The Night the Wind Blew the Roof Off

My little brother and I were staying at my grandparents' house the night the wind blew the roof off.

We didn't like going there very much. Grandpa was all right. He used to take Corey and me out into the garden and let us pick peas and silver beet for tea. And he'd tell us stories about when he was a little boy. Like the day the sea got so rough it ate away half the neighbour's section and left the back of the house hanging in mid-air. Or when the river flooded and the family piano sailed away, making lonely tinkling sounds.

But Grandma was always grumpy - and fussy. "Take your shoes off before you come inside, children. Wash your hands. Mind you don't just run them under the tap. Use that scented soap."

At teatime, she'd sit at the head of the table, and make Grandpa get up and bring the salt and pepper in, or go and find the tomato sauce, and say, "I've told you every day since we were married to set the table properly before you sit down."

After that it would be, "Sit up straight at the table, Corey. Why aren't you conversing, Alice?" Corey and I never said much when we were eating. So she'd turn to Grandpa, and say, "The cat's got those kids' tongues again, Reg. I'm sure I've heard them talk at their own house." It should have been a joke, but Grandma never made jokes - or laughed.

Grandpa would wink at us, and say, "Well, if the cat's got their tongues, we won't need to feed her today."

And when we went to bed, it was, "I don't want to see you getting into bed in your underwear. That's so unhygienic. I hope you brought your pyjamas."


The night the wind blew the roof off, Corey and I were sleeping together in the back bedroom. The wind had whooshed up out of nowhere during tea, and started to make everything shiver. Corey said he was scared of all the noises, and I told him not to be a sissy. I'd look after him. But he started to cry, so I had to hug him tight.

Then the wind went mad. First it kept on thumping the big Christmas tree against the house. Then it made all the windows tingle, as though they were being squashed between the walls. It picked up all the things that were lying loose outside and flung them round and round.. And finally it smashed the old hen house to bits and blew the shattered pieces out to sea.

Corey was crying now, and saying, "I want to go home, Alice!" I told him we couldn't go home. We'd blow away and never be seen again. That didn't help either.

Now the wind decided to tear the roof off. First it got under one side like a giant using a crowbar, and then it got under the other. When that didn't work it grabbed hold of the whole thing with all its hands and began to pull hard. The roof started to moan and then to yell.

I heard Grandpa shout, "Myrtle! the roof's going!" Corey and I were so frightened we jumped out of bed and ran to our grandparents' room. But what we saw was more scary than what the wind was doing.

Grandma was leaping up and down on the bed. Grandpa was trying to catch her, yelling above the wind, "You'll fall, Myrtle." But Grandma wouldn't listen. She kept jiggling around like a puppet with some strings missing, and saying, "Go on, you nasty wind, why don't you turn the house into a real mess! I'm sick of looking after it."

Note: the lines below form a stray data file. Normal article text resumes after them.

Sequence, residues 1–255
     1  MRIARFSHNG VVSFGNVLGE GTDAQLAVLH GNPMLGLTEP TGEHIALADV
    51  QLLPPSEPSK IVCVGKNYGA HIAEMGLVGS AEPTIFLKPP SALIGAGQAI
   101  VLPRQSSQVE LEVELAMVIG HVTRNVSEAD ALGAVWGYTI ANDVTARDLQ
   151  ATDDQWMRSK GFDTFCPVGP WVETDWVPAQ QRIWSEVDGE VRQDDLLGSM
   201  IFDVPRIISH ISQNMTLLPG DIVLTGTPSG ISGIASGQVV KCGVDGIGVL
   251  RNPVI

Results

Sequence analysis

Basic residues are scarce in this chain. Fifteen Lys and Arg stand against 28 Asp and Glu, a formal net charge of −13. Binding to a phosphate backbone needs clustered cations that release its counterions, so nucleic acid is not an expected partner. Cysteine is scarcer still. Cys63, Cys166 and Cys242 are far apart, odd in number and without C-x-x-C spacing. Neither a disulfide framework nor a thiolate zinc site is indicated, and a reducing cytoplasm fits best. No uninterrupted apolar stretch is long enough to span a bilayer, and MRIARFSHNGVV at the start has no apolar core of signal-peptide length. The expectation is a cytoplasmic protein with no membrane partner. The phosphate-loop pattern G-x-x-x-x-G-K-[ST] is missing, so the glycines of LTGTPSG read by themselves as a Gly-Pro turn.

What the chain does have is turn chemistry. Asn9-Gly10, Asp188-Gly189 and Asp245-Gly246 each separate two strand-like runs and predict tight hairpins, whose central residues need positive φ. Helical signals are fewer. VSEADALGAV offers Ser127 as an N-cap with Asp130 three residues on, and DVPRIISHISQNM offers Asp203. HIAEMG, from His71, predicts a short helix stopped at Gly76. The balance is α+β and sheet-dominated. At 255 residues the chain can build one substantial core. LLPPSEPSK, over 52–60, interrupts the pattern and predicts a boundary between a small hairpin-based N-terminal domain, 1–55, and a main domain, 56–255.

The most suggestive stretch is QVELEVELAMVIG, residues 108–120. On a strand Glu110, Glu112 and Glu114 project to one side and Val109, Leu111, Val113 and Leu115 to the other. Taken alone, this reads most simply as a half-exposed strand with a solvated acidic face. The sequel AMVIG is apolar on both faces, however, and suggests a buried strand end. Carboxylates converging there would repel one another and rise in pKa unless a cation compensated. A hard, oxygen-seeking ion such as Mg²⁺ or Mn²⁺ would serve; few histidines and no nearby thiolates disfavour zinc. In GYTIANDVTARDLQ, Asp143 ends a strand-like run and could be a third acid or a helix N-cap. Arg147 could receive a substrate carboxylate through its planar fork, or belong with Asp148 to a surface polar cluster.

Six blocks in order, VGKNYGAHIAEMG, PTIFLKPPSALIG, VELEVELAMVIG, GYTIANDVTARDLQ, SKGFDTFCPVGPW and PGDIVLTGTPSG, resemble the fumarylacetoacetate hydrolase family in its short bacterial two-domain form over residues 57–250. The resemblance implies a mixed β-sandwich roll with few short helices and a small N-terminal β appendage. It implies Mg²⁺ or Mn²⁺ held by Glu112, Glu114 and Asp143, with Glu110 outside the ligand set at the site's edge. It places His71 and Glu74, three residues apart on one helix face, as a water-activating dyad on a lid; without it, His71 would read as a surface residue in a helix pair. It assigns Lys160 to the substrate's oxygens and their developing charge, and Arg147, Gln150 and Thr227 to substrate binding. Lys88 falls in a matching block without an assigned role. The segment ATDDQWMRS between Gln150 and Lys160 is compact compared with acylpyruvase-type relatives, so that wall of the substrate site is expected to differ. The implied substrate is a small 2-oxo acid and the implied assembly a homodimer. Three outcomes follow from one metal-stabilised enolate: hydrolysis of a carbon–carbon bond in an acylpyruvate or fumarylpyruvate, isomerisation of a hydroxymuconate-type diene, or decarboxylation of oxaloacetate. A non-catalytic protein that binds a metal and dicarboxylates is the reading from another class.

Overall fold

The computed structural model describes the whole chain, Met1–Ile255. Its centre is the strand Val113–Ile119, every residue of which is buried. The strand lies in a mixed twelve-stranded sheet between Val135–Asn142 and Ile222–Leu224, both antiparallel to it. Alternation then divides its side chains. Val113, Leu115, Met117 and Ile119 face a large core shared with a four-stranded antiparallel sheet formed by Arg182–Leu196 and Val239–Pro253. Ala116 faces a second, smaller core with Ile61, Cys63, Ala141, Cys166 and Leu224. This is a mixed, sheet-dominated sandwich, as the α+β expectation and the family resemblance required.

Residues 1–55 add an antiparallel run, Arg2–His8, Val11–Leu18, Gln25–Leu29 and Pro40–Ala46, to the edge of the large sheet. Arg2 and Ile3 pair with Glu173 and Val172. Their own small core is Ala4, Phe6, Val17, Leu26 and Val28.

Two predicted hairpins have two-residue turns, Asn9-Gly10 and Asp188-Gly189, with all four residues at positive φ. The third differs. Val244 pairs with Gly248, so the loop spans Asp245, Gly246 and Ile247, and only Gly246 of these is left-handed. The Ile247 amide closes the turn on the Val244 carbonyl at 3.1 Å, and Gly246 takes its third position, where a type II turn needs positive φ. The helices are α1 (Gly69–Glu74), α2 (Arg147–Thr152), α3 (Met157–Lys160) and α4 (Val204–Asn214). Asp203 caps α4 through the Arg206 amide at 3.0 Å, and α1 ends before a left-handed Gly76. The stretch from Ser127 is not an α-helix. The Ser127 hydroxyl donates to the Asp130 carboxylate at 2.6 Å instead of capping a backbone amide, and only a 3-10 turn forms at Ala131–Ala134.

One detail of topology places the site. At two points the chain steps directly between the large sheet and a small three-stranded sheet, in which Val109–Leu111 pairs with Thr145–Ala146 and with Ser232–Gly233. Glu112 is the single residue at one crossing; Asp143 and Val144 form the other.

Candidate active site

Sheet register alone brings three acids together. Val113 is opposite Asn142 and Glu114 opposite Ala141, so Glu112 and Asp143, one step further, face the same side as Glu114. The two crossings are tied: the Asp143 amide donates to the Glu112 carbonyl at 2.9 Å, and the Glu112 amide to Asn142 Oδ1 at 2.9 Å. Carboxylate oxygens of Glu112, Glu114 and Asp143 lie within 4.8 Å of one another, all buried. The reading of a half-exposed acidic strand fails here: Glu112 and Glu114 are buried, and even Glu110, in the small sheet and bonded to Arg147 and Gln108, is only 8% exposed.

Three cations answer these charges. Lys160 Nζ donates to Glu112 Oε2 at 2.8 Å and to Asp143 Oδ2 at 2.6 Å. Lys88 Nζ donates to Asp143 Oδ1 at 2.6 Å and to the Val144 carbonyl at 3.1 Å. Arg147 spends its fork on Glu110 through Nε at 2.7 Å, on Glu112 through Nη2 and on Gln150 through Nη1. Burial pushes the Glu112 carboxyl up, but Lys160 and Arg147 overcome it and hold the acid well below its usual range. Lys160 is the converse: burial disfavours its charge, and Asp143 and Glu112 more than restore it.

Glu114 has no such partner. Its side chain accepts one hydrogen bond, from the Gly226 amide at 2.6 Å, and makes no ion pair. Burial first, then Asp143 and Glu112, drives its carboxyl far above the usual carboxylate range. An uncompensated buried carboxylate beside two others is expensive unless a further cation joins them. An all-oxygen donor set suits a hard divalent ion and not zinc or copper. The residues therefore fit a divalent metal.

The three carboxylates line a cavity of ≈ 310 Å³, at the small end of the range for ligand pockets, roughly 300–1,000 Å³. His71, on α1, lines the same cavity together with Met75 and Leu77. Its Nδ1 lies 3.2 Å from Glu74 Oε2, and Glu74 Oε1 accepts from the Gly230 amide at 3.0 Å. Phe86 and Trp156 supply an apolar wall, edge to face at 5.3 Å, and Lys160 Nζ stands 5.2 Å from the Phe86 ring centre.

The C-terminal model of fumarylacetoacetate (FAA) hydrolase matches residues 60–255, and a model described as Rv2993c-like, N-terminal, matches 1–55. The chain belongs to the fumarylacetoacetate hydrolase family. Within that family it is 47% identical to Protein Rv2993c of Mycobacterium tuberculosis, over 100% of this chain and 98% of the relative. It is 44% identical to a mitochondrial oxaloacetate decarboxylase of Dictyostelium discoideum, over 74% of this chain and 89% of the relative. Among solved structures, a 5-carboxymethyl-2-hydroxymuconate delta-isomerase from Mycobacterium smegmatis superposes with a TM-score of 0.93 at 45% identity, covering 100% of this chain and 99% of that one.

Grandpa wrapped us in his arms. "The wind's going to rip the roof off. Help me grab Grandma before she falls over." We all tried to catch Grandma, but she sprang this way and that - and started laughing.
Then the roof gave a hideous screech, and windows all round the house began smashing. The big one in our grandparents' room blew clean out of its frame, and nearly took Grandma with it. She was swept off the bed into Grandpa's arms, and we all fell in a huddle on the floor.

"Roll under the bed," yelled Grandpa. "It'll stop things falling on you." He pushed Grandma under the bed like a lumpy sleeping bag, and we both clambered in with them. The roof began making terrible tearing noises, and then the sheets of iron were wrenched up one by one and hurled off into the sky.

The bed rocked hard on top of us, and the bedclothes whipped round and round but somehow didn't fly away. We huddled under there, scared stiff, while Grandma muttered, "It's all gone, Reg. All gone. Good!" Then she burst out laughing again and dropped off to sleep in Grandpa's arms.

And finally the wind stopped.


After that night, Grandma and Grandpa came to stay with us until their house was put back together again. But Grandma was different.

Now she gave us enormous hugs and sloppy kisses when we came home from school, as though she hadn't seen us for a month. She'd play for hours with our baby sister and sing her to sleep. She never noticed if we didn't wash our hands, and she read Dad's old Superman comics during meals, sometimes out loud.

And when the sun was shining, we'd come home and find her out doing the garden with Grandpa, laughing and singing songs. And she'd hold out her hands to us, and we'd all dance round the paths between the veges, together.

Story recently rediscovered amongst my files. Probably written around mid-1999, sent to the School Journal, but never published. 

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